selective fetal termination sometimes can be offered following identification of a serious or life-threatening malformation or abnormality of one twin. The most common indications for selective fetal termination include : • DZ twins discordant for fetal chromosome abnormality, • serious fetal structural malformation, • or one twin affected by a single gene disorder Multifetal pregnancy reduction should be included in the counseling of all women with triplets and higher-order multiples.
The efficacy of antenatal corticosteroid administration in multiple gestations has not been specifically examined. However, antenatal corticosteroids significantly reduce respiratory distress syndrome, intraventricular hemorrhage, and other neonatal complications of prematurity in singleton gestations. As a result, the NIH consensus conference statement on corticosteroids recommended that they be administered to women with preterm labor prior to 34 weeks gestation and to women with preterm PROM at <30 to 32 weeks gestation regardless of plurality, provided there are no contraindication to steroid use. It is recommended that they receive only a single course. Corticosteroid Administration
Fetal Surveillance Multiple gestations have an increased risk of stillbirth compared with singletons at any gestational age. Because of this increased stillbirth risk, clinicians frequently initiate antepartum fetal surveillance. Nonstress test and the biophysical profile have been shown to be effective in identifying the growth-retarded multiple, the multiple at risk for hypoxic/asphyxic injury, and the multiple at risk for perinatal mortality.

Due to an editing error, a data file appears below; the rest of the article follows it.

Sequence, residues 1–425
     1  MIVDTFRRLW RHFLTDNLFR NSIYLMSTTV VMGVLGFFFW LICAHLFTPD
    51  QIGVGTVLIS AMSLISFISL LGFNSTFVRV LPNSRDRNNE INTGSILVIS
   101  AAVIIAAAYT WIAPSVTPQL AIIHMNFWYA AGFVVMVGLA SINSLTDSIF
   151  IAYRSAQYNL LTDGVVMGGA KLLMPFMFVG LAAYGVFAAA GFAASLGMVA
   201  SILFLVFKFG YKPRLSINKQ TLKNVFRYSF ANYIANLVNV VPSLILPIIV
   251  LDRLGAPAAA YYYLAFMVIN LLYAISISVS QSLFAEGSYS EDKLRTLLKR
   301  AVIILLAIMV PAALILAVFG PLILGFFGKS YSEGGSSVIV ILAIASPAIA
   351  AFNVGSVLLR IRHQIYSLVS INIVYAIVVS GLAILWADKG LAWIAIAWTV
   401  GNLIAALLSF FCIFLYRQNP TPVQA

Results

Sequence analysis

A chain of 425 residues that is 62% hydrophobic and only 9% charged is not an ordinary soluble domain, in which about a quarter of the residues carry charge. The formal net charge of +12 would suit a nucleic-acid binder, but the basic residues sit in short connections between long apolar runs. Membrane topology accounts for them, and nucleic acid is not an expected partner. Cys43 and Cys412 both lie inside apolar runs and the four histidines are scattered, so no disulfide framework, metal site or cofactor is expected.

surveillance certainly is indicated in those gestations identified as being at higher risk. These would include those withIUGR, abnormal fluid volumes, growth discordance, decreased fetal movement, pregnancy-induced hypertension, fetal anomalies, monoamnionicity, or with any other pregnancy complications placing one or more of the fetuses at risk for hypoxic/asphyxic injury.
The other recommended method of fetal surveillance are: • fetal kick counting • Umbilical cord Doppler velocimetry • Ultrasonography
The authors initiate fetal surveillance at 32 weeks in monochorionic twins and at 34 weeks in dichorionic twins, assuming there is no additional indication to initiate testing earlier. Fetal testing generally is performed on a weekly basis except in the presence of severe IUGR, abnormal umbilical artery Doppler studies, or monoamnionicity, which may require either twice weekly or even more frequent testing.
Controversial Interventions Preterm Birth Risk Refinement • Serial Digital Cervical Examination • Transvaginal Ultrasound Cervical Length Measurements • Ultrasound Indicated Cerclage • Cervical and Vaginal Fetal Fibronectin • Reduced Activities and Rest • Home Uterine Activity Monitoring • Tocolytic Therapy